Congratulations to the selected authors!

A quick glance at previous editions of PA suggests that this result is fairly standard. Papers in history of philosophy—not restricted to the modern period—have made up between zero and two items per issue, with texts on Kant and Frege doing especially well (respectively, eight and five papers in total over the 32 years surveyed). But does that mean that typically only a maximum of two historical works is among the ten ‘best papers’ published each year?

That is debatable. Meena Krishnamurthy at Philosop-her has raised questions about the methodology used in selecting the papers (here, and also last year here), and Eric Schliesser noted last year that for modern philosophy, inclusion in this list does not particularly reflect what is going on in the field. For good reason, then, on its website PA is characterized as ‘an attempt to pick the ten best articles of the year’, not as a final judgment on what work will push a field forward. Further, we may even wonder whether we should keep on ranking ‘best’ papers in the first place? Best in what respect anyway—persuasiveness, style, urgency?

More optimally, we view Philosopher’s Annual as a list of recommended reading from the papers published in the previous year. Stuff that you would do good to pay attention to, in case you had not yet gotten round to studying it. Viewing this list as recommended reading brings out that there is a specific group of philosophers doing the recommending, possibly even with a specific group of philosophers they are recommending the work to.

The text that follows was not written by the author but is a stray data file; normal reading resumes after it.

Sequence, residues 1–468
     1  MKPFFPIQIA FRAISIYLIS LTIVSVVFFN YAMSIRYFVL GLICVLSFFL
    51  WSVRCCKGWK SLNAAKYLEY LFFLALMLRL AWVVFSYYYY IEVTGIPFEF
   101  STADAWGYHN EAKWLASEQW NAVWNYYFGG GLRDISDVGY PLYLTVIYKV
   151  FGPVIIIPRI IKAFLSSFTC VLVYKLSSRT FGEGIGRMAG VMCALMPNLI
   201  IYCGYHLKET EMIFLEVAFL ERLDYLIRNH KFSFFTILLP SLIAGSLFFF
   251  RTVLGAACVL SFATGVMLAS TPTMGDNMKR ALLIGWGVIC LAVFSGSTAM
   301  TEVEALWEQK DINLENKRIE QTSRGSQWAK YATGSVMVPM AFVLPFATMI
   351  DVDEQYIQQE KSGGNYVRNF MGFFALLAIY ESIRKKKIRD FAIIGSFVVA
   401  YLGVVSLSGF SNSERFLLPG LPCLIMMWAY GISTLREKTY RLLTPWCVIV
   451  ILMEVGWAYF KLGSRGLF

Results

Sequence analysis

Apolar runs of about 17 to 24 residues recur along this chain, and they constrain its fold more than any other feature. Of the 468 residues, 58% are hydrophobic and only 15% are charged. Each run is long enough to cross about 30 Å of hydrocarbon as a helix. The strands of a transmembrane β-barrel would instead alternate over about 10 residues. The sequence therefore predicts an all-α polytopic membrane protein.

In the spirit of viewing these lists as ‘recommended reading’, are there any papers in modern philosophy published in 2013 you would suggest to a general philosophical audience?

Eric Schliesser has some remarks about the role of Jonathan Bennett’s translations at Earlymoderntexts.org in scholarship:

[...]

First, all translation is an interpretation. Translating complex philosophical texts is much, much harder than figuring out ‘gavagai.’ This is so, even if you have written the text yourself and are fluent in both languages. You should try translating some time; even if you are not a meaning holist, you’ll discover that a lot of philosophical jargon is not stable and uniform across cultural and temporal contexts. (Surprisingly enough, this is even  true of works in the history of physics.) So, leaving aside honest mistakes, all translations involve non-trivial judgments and trade-offs with a complex interplay among style, content, jargon, sentence structure, and even argumentative structure (this list is not exhaustive).

In earlymoderntexts.org, Jonathan Bennett, who is one of the greatest historians of philosophy of his generation and who should be praised for his dedication to the field and pedagogy, is refreshingly forthright that in his translations the aim is to make “the original thought more accessible than it is on the original page.” He uses many more ‘tricks of the trade’* than any other translator known to me to achieve this and he is refreshingly and admirably transparent about how he deploys them.

[...]

See the whole post here